We are all traveling our own journey. But some days, it might feel better knowing there is someone close. A neighbor. A friend. Someone who is giving every day everything that she’s got. Fighting for each breath. So she can see just one more smile on her sweet child’s face. So she can have one more close embrace with her loving husband. One more laugh with a dear friend. One more connection made with a stranger who becomes a friend. And one more glimpse of the orange sun setting over our peaceful Puget Sound at our beloved Brackett’s Landing.
Edmonds, thank you for having our little family. Thank you for allowing me to spend the rest of my life in a town that I love. I look forward to us getting to know one another. We just spent our first Halloween celebrating in downtown Edmonds! What a night it was for Alice, The Queen of Hearts and The Mad Hatter!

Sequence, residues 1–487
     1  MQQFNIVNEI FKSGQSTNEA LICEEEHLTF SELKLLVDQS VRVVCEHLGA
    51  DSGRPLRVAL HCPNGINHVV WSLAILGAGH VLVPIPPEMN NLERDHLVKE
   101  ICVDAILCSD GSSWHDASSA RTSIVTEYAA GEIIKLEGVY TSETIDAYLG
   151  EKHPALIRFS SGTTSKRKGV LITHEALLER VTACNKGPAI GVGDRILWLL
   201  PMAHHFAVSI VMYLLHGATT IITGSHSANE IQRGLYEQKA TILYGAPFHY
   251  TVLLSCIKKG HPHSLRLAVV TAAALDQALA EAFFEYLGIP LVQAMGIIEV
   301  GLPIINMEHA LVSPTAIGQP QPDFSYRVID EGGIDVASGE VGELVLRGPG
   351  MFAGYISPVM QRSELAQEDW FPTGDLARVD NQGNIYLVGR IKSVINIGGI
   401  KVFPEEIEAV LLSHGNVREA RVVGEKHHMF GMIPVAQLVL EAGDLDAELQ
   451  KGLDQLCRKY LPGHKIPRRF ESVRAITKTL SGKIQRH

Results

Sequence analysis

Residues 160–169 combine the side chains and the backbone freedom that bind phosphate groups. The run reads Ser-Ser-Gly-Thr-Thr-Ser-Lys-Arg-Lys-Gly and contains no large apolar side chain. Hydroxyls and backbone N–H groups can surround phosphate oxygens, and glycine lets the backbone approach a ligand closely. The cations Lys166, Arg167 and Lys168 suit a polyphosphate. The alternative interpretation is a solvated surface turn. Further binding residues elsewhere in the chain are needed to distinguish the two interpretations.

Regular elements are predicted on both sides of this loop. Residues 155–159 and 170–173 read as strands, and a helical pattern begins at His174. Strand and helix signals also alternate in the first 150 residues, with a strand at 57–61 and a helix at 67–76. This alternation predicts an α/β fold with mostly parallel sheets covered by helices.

This will be a column about everyday life. Except, maybe it will be about what happens when life becomes extraordinary because instead of preparing for my death, I am pouring myself into my life. Against the odds.
— By Jennifer Sabounchi
Edmonds resident Jennifer Sabounchi has served as a special events manager for The Ritz-Carlton in New York, a private chef to families in and around Seattle, and founder of an allergy-friendly food company. Recently diagnosed with stage 4 cancer, Jenn’s new column — “Life, Thank You for Having Me” — provides an intimate portrait of her fight for her life. She also invites readers to get to know her and her family by visiting her Facebook page at http://www.facebook.com/jennifer.sabounchi